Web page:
Chronic Inflammatory Demyelinating Polyneuropathy (CIDP)
(Chronic Acquired Demyelinating Polyneuropathy; Chronic Relapsing Polyneuropathy)
Chronic inflammatory demyelinating polyneuropathy is an immune-mediated polyneuropathy characterized by symmetric weakness of proximal and distal muscles and by progression continuing > 2 mo.
(See also Overview of Peripheral Nervous System Disorders.)
Symptoms of chronic inflammatory demyelinating polyneuropathy (CIDP) resemble those of Guillain-Barré syndrome. However, progression for > 2 mo differentiates CIDP from Guillain-Barré syndrome, which is monophasic and self-limited. CIDP develops in 3 to 10% of patients with Guillain-Barré syndrome.
CIDP typically starts insidiously and may slowly worsen or follow a pattern of relapses and recovery; between relapses, recovery may be partial or complete. Flaccid weakness, usually in the limbs, predominates in most patients; it is typically more prominent than sensory abnormalities (eg, paresthesias of hands and feet). Deep tendon reflexes are lost.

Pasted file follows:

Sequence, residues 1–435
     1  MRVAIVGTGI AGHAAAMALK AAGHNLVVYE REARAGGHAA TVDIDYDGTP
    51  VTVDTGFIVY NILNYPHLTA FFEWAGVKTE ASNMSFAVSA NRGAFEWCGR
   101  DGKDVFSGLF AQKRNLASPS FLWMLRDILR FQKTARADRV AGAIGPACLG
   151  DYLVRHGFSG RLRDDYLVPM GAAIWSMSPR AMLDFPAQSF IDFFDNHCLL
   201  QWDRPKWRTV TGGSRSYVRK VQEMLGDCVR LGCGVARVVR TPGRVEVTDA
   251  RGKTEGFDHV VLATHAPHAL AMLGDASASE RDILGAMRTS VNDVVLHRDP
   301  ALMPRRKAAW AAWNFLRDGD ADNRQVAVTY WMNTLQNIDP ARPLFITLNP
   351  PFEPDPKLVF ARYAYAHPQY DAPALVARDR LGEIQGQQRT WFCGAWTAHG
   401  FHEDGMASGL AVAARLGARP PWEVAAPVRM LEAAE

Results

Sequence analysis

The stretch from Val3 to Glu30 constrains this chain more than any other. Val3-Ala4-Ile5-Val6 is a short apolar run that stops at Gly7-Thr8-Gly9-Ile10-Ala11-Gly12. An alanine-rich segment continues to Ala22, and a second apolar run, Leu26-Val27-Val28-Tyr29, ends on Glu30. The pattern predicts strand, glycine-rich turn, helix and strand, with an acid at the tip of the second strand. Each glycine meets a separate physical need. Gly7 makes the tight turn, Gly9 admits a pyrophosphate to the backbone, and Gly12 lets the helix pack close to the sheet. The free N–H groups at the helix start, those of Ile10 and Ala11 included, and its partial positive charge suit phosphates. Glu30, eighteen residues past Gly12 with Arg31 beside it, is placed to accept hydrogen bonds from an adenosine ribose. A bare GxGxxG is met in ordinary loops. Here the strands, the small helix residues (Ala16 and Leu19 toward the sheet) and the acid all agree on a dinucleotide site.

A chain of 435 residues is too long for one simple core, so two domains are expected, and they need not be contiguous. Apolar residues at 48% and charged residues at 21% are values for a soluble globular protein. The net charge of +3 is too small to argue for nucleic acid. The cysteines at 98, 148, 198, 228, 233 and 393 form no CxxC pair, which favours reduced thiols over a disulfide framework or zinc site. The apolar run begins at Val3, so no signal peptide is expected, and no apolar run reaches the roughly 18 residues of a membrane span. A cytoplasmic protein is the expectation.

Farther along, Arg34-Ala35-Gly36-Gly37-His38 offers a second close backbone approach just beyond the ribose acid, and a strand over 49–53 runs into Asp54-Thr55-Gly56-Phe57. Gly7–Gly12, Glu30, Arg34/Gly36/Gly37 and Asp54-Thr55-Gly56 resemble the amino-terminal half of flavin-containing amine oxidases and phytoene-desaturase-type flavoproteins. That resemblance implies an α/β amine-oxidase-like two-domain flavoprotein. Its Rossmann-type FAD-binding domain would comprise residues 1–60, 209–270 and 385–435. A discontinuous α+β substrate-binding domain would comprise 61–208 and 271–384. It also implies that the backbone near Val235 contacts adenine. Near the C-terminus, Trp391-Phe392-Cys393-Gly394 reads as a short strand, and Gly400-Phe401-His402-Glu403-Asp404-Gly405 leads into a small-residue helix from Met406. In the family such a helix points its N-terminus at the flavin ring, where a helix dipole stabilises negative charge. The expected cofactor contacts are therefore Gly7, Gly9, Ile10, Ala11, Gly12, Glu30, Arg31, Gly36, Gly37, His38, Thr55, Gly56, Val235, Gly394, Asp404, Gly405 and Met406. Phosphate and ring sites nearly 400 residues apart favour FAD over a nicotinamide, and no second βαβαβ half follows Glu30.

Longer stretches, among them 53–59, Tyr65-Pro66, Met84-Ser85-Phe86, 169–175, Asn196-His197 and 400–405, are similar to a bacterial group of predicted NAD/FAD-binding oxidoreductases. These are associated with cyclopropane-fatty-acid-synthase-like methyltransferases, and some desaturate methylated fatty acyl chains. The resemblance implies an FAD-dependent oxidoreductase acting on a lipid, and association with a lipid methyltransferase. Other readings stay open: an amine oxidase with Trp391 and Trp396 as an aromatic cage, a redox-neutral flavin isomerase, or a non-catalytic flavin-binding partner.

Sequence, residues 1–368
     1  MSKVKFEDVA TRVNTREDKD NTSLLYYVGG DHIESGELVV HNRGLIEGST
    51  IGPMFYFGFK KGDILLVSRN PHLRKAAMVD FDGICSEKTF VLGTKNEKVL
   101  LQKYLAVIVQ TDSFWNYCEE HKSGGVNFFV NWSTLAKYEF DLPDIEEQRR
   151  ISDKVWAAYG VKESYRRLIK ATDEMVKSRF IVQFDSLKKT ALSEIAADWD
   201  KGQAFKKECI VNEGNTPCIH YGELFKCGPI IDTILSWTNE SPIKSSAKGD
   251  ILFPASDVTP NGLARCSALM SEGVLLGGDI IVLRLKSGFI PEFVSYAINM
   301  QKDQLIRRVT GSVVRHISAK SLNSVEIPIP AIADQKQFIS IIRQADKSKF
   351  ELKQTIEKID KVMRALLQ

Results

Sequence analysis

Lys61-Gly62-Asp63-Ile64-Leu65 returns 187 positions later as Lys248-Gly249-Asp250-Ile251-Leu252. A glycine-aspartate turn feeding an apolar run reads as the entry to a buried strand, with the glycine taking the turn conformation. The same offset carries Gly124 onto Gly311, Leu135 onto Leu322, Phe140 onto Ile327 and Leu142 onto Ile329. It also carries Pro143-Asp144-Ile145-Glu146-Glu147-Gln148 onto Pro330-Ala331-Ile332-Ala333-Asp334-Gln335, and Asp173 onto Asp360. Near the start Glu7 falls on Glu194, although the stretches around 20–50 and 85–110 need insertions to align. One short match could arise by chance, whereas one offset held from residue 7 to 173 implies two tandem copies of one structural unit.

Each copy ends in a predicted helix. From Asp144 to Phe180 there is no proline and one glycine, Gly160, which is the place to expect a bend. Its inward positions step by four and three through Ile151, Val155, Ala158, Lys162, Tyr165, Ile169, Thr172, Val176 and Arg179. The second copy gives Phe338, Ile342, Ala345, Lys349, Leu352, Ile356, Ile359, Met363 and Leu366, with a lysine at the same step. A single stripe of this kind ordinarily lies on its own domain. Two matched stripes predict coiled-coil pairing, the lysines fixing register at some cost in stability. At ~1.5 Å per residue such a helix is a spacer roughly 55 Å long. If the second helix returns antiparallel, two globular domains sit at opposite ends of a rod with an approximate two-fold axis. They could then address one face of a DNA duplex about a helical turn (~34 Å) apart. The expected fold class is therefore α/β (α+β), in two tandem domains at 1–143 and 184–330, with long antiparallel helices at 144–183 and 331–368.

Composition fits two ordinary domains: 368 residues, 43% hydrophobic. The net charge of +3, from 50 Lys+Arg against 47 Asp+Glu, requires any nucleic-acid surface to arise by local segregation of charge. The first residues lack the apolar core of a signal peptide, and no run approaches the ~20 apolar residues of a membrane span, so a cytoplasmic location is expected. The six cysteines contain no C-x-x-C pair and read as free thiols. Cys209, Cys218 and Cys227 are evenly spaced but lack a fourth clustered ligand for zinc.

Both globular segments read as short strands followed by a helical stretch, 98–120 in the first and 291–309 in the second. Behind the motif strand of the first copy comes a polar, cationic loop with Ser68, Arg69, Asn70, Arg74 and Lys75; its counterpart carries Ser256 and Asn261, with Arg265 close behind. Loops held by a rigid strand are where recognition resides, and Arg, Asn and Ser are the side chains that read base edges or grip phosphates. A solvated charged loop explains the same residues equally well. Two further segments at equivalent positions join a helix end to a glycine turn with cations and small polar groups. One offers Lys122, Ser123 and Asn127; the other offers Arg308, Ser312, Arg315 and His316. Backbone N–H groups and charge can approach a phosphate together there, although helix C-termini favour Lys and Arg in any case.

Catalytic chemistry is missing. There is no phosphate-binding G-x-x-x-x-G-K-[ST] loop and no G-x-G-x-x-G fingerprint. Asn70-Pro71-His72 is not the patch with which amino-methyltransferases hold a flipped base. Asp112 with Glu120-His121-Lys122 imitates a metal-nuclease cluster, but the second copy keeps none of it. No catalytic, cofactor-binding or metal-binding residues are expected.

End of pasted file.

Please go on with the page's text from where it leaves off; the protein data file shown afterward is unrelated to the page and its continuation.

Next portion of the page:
In most patients, autonomic function is affected less than it is in Guillain-Barré syndrome, Also, weakness may be asymmetric and progress more slowly than in Guillain-Barré syndrome.
Testing includes CSF analysis and electrodiagnostic tests. Results are similar to those in Guillain-Barré syndrome, including albuminocytologic dissociation (increased protein but normal WBC count) and demyelination, detected by electrodiagnostic testing.
Nerve biopsy, which can also detect demyelination, is seldom needed.
Often, deciding which therapy to offer first is difficult.
IVIG is better tolerated than corticosteroids and has fewer adverse effects, but IVIG may be associated with earlier deterioration after treatment is stopped. Subcutaneous IG may be as effective as IVIG.
Plasma exchange is the most invasive of the 3 options and thus offered last.
Immunosuppressants (eg, azathioprine) may be helpful and can reduce corticosteroid dependence.
Treatment may be needed for a long time.
Although symptoms of CIDP resemble those of Guillain-Barré syndrome, the two can be differentiated based on how long symptoms have continued to progress (ie, > 2 mo for CIDP).
Symptoms start insidiously and may slowly worsen or follow a pattern of relapses and recovery.
CNS analysis and electrodiagnostic test results are similar to those of Guillain-Barré syndrome.
Treat with IVIG and corticosteroids, but in severe cases, consider plasma exchange; immunosuppressants may help and can reduce dependence on corticosteroids.